Bilingual: English/Spanish Consultation

Hudson County Gastroenterology

(201) 854-4646 

Contact Us


What is a Colonoscopy?

A colonoscopy visually examines the lining of the rectum and the colon with a flexible video colonoscope.

Why is it Done?

This procedure lets the doctor see things such as inflamed tissue, abnormal growths, and ulcers. It is often used to detect early signs of cancer in the colon and rectum. It also looks for causes of unexplained changes in bowel habits and as evaluation of symptoms such as abdominal pain, rectal bleeding, and weight loss.

How is a Colonoscopy Performed?

You will be instructed to lie on your left side so that the colonoscope can be advanced through the large intestine. An anal area inspection and rectal exam are performed, along with an assessment of the prostate in males. The lining of the rectum and colon are carefully examined. If necessary, polyps are removed, and biopsies obtained through the colonoscope.

When the area has been viewed, and samples are taken, the endoscope is removed. The procedure usually lasts from 15 to 60 minutes. Rarely, the entire colon may not be easily visualized because of difficulties in advancing the scope or the presence of stool. The physician may have to repeat the procedure later or discuss an alternative treatment.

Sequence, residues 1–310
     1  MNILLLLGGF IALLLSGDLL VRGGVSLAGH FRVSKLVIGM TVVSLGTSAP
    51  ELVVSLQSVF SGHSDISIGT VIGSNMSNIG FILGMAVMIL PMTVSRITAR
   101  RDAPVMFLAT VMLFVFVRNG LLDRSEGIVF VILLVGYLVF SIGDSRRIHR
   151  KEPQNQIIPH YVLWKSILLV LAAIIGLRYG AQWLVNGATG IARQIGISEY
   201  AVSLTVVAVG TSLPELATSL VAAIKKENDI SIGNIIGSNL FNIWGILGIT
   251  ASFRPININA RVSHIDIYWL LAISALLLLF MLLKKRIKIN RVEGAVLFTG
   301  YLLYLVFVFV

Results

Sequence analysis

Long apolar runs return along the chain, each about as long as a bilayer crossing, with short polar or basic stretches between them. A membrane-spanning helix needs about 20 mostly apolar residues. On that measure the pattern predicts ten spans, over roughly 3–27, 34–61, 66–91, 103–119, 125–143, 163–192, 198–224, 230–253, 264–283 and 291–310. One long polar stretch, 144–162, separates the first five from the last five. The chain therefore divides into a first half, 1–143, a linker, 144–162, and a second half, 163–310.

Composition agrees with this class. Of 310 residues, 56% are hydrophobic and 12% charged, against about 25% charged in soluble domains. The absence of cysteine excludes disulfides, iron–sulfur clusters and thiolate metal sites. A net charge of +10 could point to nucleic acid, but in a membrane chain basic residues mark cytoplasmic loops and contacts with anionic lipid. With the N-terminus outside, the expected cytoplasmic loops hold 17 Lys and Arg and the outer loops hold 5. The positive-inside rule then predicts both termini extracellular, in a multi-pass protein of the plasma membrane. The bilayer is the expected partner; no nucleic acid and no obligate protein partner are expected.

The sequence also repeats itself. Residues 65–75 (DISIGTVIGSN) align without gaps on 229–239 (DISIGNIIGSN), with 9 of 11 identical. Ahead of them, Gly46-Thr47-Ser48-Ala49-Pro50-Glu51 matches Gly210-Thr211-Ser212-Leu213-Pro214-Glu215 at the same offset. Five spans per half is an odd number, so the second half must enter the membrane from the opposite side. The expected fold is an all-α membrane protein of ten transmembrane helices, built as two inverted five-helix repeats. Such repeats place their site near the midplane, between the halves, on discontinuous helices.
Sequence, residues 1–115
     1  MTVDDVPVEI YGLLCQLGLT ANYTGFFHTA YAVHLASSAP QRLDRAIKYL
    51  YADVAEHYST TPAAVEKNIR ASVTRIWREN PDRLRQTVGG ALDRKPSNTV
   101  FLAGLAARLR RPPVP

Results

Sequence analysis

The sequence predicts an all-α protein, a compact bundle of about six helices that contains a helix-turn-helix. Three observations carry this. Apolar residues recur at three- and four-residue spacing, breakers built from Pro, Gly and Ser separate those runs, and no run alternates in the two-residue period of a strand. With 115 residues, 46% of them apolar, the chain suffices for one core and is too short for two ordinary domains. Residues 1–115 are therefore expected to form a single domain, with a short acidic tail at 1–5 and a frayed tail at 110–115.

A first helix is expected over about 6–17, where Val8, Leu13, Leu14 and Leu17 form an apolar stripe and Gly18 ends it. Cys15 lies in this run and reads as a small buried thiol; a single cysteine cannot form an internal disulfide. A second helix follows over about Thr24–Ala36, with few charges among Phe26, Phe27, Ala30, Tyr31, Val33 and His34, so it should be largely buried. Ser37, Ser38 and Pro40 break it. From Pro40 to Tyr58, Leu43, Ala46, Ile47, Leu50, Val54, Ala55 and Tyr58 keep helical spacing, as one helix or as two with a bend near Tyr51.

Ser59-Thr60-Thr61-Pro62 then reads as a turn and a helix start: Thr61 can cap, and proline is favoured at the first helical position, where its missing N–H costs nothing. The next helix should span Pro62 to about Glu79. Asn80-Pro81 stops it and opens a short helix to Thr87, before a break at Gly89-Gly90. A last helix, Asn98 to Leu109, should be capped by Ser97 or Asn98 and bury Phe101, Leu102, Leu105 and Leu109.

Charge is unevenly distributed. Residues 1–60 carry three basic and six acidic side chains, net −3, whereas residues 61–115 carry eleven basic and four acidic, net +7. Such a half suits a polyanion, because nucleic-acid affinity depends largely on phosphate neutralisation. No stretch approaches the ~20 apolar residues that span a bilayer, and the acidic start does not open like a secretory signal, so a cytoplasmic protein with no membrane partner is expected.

How to Prepare?

  • Eat or drink nothing for eight to 12 hours before the test.
  • Your physician may ask you to stop eating and drinking after midnight before your exam.
  • You will receive an oral preparation the evening before and the morning of the procedure. In some cases, an enema is done the evening before or the day of the procedure.
  • Adjustments to your medications may be required, as recommended by your physician.
  • It is suggested that a family member or friend accompany you to the procedure and home as you will be given sedation and not allowed to drive.

How Does Having a Colonoscopy Feel?

The experience varies from patient to patient. Most people will not feel it due to the sedation. Throughout the colonoscopic procedure, there may be sensations of pressure, gassiness, bloating, or cramping. You may sense the scope moving in the colon. The doctor and a nurse will observe you closely to monitor your comfort level. If needed, extra sedation may be given.

After the Test

You are transferred to the recovery room until you are fully awake. Initial results may be given, but if biopsies were performed, results will take a few days. After this, you are requested to get dressed for discharge. Written post-procedure instructions are provided at this point.


Due to the effects of sedation, the physician may speak with your family or delay talking with you. This discussion may involve a follow-up visit. A return visit may take up to a week before your physician receives biopsy results.